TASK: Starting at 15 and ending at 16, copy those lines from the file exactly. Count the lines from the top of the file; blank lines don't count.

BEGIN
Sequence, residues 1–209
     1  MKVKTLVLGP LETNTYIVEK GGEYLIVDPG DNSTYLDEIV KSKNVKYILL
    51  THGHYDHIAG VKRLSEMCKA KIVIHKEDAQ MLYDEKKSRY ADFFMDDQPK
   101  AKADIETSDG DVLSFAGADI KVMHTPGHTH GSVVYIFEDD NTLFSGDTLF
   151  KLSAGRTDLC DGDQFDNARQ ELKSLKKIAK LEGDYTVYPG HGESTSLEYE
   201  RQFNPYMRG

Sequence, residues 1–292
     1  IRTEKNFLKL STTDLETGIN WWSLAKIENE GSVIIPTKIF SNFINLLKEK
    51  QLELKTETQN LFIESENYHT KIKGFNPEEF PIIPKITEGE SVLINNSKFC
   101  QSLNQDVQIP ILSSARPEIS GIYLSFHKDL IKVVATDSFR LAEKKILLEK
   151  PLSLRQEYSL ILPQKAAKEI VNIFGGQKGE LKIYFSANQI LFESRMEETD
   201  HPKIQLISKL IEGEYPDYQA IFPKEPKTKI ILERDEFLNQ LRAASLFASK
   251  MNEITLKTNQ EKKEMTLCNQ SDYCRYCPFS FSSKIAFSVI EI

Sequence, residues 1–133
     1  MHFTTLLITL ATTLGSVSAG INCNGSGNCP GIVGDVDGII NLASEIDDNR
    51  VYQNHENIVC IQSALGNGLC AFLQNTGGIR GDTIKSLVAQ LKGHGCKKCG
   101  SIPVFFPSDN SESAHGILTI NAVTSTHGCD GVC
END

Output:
     1  MHFTTLLITL ATTLGSVSAG INCNGSGNCP GIVGDVDGII NLASEIDDNR
    51  VYQNHENIVC IQSALGNGLC AFLQNTGGIR GDTIKSLVAQ LKGHGCKKCG